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Field-dependence, intelligence, and socialisation in Hong Kong Chinese.

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posted on 19.11.2015, 08:57 by James. McGuire
This thesis is concerned with the "field-dependence-independence" dimension which is held by Herman Witkin and his associates (1954, 1962) to underlie certain relationships between personality and perception. Specifically, I take issue with Witkin's claim that the "field-dependence" dimension is unitary, and with his attempt to explain individual differences in "field-dependence" in terms of "socialisation" practices and experiences; and hold that the extension of his theory into a cross-cultural setting has provided data which the theory, in its present form, is unable to handle. A review of the literature had suggested that such factors as visual experience, intelligence, and education would cut across the "field-dependence" dimension, and might provide a better account of individual and cultural differences in performance on Witkin's tests than would the hypothesised factor of "socialisation". To test these ideas empirically, therefore, I carried out a cross-cultural investigation in Hong Kong, selected as being the most suitable place to 'balance* the two points of view against each other. Two groups of Ss, one of 9-year-old children, the other of University students, were given a test battery which included Witkin's Rod-and- Frame and Embedded Figures Tests, measures of intelligence, and questionnaires concerning socialisation experiences (which were sent to the parents in the case of the 9-year-olds); and Indices of ability in the Chinese language were obtained. It was predicted that the "field-dependence" dimension would fragment, in that Witkin's tests would be unrelated to each other; that Embedded Figures Test scores would be more closely related to ability in Chinese and to intelligence; and that no evidence would be found for the effects of "socialisation". Results with the 9-year-olds were more supportive of Witkin's position. The Rod-and-Frame and Embedded Figures Tests were significantly correlated with each other, while the latter showed little relationship with ability in Chinese; on the other hand, no effect of "socialisation" was in evidence, and the role of some intellectual factor seemed everywhere apparent. With the students, however, my own position received greater support: again, "socialisation" seemed to have little effect on "field-dependenca", and the Embedded Figures Test was much more closely correlated with an intelligence measure than with the Rod-and-Frame Test. My general conclusion is that these principal results constitute a cogent criticism of Witkin's theoretical position, and suggestions are made about the type of modifications which are necessary if "field-dependence" theory is to continue to be of value in the cross-cultural context.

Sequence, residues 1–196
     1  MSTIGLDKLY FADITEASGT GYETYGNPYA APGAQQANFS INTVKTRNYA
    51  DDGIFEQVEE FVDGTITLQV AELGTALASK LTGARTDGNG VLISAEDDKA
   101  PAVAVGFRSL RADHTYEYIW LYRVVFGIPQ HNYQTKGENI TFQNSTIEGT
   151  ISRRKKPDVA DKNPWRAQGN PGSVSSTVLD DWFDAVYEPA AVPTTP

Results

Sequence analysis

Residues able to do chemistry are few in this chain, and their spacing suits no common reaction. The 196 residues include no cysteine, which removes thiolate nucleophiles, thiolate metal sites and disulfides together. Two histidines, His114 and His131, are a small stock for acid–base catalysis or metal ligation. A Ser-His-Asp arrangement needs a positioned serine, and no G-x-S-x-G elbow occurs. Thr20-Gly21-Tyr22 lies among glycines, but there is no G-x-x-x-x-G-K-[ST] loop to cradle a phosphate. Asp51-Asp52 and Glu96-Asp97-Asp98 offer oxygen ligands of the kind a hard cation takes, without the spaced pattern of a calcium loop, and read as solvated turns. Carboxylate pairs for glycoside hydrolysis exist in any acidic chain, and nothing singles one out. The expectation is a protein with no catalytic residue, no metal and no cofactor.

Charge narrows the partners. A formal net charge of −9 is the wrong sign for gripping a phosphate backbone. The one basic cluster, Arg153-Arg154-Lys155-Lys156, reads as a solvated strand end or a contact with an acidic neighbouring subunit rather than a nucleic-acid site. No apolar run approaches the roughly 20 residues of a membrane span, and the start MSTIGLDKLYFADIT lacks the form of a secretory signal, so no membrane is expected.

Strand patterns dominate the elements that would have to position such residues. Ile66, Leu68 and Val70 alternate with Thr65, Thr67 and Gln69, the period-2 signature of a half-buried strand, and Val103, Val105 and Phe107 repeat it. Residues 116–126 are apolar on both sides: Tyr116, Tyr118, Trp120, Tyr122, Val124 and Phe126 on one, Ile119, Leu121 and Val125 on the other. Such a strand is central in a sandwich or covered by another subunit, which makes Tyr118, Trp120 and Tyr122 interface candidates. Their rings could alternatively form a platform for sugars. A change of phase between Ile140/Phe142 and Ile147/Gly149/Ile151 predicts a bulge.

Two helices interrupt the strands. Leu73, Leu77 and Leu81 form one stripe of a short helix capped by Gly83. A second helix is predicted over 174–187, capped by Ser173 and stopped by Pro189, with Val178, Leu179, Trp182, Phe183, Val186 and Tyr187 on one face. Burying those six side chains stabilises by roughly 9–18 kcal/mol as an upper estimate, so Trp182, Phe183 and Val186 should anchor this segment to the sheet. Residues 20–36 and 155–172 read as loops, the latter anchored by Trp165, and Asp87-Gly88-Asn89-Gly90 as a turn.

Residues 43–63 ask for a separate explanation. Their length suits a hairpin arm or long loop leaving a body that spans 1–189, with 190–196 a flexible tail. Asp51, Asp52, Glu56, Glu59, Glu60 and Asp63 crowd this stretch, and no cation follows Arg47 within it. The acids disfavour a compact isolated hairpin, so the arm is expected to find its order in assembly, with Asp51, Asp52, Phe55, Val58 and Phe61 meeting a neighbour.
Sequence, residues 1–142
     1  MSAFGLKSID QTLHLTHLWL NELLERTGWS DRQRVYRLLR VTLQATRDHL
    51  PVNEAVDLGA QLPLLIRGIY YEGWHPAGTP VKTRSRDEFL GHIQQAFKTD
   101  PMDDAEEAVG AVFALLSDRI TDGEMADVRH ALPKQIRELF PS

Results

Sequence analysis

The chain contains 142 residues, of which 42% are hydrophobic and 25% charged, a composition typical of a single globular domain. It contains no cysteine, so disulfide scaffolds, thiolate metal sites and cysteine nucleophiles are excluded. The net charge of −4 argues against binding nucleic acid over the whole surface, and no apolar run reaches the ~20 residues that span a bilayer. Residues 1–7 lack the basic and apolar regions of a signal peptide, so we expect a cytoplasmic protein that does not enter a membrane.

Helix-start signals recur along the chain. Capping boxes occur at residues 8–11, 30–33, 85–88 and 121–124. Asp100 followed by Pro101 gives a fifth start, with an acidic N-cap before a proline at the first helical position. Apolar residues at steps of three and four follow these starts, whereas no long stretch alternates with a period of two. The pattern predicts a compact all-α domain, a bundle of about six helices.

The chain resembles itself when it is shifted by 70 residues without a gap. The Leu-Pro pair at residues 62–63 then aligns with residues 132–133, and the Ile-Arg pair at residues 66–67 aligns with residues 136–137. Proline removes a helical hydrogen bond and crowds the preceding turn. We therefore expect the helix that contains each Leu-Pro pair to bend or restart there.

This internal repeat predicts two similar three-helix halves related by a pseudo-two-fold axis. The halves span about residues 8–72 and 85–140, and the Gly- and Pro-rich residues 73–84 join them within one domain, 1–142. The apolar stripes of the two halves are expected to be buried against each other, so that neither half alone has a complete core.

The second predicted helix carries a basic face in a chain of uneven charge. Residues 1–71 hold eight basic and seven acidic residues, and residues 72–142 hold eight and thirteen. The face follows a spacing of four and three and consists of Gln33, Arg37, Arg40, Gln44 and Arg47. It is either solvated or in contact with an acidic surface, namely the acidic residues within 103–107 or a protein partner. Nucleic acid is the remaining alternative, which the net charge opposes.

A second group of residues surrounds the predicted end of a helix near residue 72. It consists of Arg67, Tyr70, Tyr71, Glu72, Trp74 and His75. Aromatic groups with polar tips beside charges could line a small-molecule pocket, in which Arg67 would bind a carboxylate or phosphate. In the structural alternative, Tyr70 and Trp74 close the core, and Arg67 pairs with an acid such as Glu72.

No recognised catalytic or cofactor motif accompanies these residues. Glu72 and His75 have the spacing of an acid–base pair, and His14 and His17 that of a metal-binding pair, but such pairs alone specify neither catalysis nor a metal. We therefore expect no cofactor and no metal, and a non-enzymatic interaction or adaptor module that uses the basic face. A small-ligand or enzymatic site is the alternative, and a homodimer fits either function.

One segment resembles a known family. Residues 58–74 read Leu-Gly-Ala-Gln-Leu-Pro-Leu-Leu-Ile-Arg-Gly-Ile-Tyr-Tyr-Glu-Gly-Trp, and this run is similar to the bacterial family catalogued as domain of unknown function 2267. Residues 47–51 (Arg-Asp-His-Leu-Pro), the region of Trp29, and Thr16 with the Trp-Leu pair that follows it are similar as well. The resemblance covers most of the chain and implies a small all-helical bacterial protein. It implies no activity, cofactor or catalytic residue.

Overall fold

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University of Leicester

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